Meet the Vendors/Kingpins of a mobile food emporium sell falafel, gelato, wursts, and more
THEY start appearing about 10 a.m. Hundreds of them. They push, pull, and pedal their rattly carts to almost every street corner from 34th to 57th Street along Fifth and Sixth Avenues. They're New York's ubiquitous street vendors. Although these friendly vendors are as open and appealing as the foods they sell, most would rather be known by their first names only.
For the past five years, ever since he and his wife, Aviva, immigrated from Israel, it's been the same routine for Moshe. He gets up early, dresses in jeans, stretches a mustard-yellow T-shirt emblazoned with ``Moshe's Falafel'' over his expanding midriff, and tops off the whole outfit with a blue ``USA'' cap.
After hitching his spit 'n polish, quilted, stainless steel cart to a beat-up, faded-orange, 1977 Chevy station wagon, Moshe and Aviva head for the corner of Sixth Avenue and West 46th Street.
There, with the help of three men, Moshe and Aviva unfold their cart and start popping jawbreaker-size balls of falafel into bubbling hot oil and wait for the masses to break for lunch.
``Five years now, I do this,'' says Moshe, in a distinctly Israeli accent. ``My wife's family in Israel has been selling falafel for over 40 years, that's how I got into the business.
``You like falafel?'' he asks.
``What? Never had falafel?'' he yells to the amusement of his grinning crew. ``Try one. The best in town,'' he says, pointing to the small print on his T-shirt that confirms his point. ``Here,'' he says, thrusting a single hot crisp ball wrapped in a napkin in my direction.
Falafel, he explains, comes originally from Egypt. ``Simple food. Peasant food. You take ground chickpeas, add a little garlic, some spices -- Mideast spices, everything fresh. The oil I change every day. My falafel is 100 percent natural. Kosher, too,'' he says, nodding with approval.
Moshe comes to this corner spot every day. ``It's a gentleman's agreement,'' he says. ``This is my spot. The other vendors, if they see someone come here, they won't let them stay. See that man over on the other corner? He's been on the same spot over 10, maybe 12 years. It's seniority.
``This is fine for now,'' he continues, ``but someday I'm going to open my own Middle East restaurant. Somewhere here in New York,'' he says, as he and his crew busily stuff pockets of pita bread with four hot falafel, topping them with lettuce, tomato, and dressing.
``Best part of the job? -- the money. Definitely, the money. The hardest part's got to be the cleaning! Takes three hours every night to clean the cart,'' Moshe says with more pride than drudgery as he wipes a few spots of oil from the counter. ``Got to keep it clean, looking good. It cost me $2,000 to build.''
``I like the work and the people, and we work hard. Every day I work here with Moshe even when I was pregnant with our daughter,'' says Aviva, who's practically small enough to fit into a pita bread pocket herself. ``But that's why we work, for our daughter. We work hard because we want to make money so she is able to study.''
Moshe excuses himself to load 100-pound sacks of dried chickpeas into his station wagon from a truck that just pulled alongside his cart. ``Today is easy,'' Aviva says. ``Nice weather. But come back in winter. You won't know us. We all bundle up. You see only the eyes.''
It's 11:45 and business is picking up. Aviva waves a cheery goodbye, drags out a box to stand on so she can reach over the counter, and starts waiting on the growing line of customers.
For Rolf Babiel, street vending has paid off. It's obvious by his absence.
``Rolf? No, he's not here. He's at his restaurant,'' says John, who with another helper, Carl, has just pushed Rolf Babiel's ``Hallo Berlin'' wurst cart under a stripling ginkgo tree on the corner of Fifth Avenue and 54th Street. ``It's not hot dog. It's wurst,'' says the menu.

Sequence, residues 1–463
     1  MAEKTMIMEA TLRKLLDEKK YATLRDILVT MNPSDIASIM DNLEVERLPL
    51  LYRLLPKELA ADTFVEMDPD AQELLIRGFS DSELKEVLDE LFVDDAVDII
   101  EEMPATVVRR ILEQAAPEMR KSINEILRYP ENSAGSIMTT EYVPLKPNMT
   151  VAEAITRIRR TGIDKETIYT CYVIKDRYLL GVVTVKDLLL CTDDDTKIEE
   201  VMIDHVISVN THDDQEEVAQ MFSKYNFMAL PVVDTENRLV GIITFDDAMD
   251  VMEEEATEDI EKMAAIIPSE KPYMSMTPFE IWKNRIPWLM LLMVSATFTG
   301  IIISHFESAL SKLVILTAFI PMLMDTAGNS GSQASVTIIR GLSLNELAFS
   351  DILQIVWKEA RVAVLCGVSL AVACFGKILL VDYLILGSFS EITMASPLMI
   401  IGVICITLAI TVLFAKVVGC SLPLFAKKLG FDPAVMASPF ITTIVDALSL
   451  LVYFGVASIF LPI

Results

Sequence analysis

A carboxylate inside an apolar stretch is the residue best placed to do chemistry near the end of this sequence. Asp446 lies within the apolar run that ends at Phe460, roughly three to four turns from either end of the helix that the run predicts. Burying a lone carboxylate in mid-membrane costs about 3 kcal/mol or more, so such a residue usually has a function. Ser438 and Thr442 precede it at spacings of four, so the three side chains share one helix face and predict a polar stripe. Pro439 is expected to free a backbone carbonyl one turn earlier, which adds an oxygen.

``It's been a real American success story for Rolf,'' John adds. ``He came over from East Germany two, maybe three years ago. Now he has his own restaurant. He's working there today.''
John and Carl work as a team as a loyal line of patient people quietly queue up. ``Carl here's the cook, and I'm the maitre d','' John says with a laugh. Carl, in red shorts and a blue shirt, keeps four frying pans in motion and stirs two pots of sauerkraut as he cooks seven kinds of wurst. John takes the orders and the money and makes change.
``Sure people like to eat here,'' says John. ``It's good food for two bucks. They're not paying $8 in some restaurant, and having to wait 15 minutes to get a seat.''
The location is perfect, too.
Marika works across the street at Lufthansa Airlines. ``Every day I come,'' she says in a soft German accent. ``I get the same thing. Two veal white wurst, cut up already so I don't have to fuss, nothing on it. And no bread. Besides, the weather is nice. You watch the girls -- I watch the boys,'' she says, delicately licking each finger.
Across from the Plaza Hotel on Fifth Avenue, nine wagons are lined up like a circus train along the sidewalk of East 59th Street. They offer ice cream -- Italian, Good Humor, and Dove Bars -- shish kebab, pretzels, souvlaki, Italian sausages, salads, knishes, hot dogs, and more.
These are mainly summer vendors, mostly students, who lease their carts and pay a $10 license for the summer.
Marcia, with strands of long black plaited hair ending in a single white bead, leans across her ice cream wagon. ``I'm from England originally,'' she says peering over her red-rimmed glasses. ``In September I'll be studying Art History of the Renaissance and majoring in Japanese language at Oberlin.''
Marcia already speaks French and Italian, as well as Swedish and some Japanese. So what's an educated, ambitious woman who speaks five languages doing selling ice cream in New York? ``This is great for the summer. I just love hanging out on the streets, I really do,'' she answers with a grin.
Aaron's cart is right beside Marcia's. Aaron's from Chicago. ``Originally,'' he clarifies, ``but I'm a registered New York voter, so I guess that makes me a New Yorker.''
Aaron will be a student at Columbia University come autumn. This summer he's happy standing under the shade of a ``Claudio's Fruita Fresca'' umbrella peddling Italian ices. ``The money's pretty good. I'll clear maybe $300 a week in really hot weather in July. That will pay for my tuition.''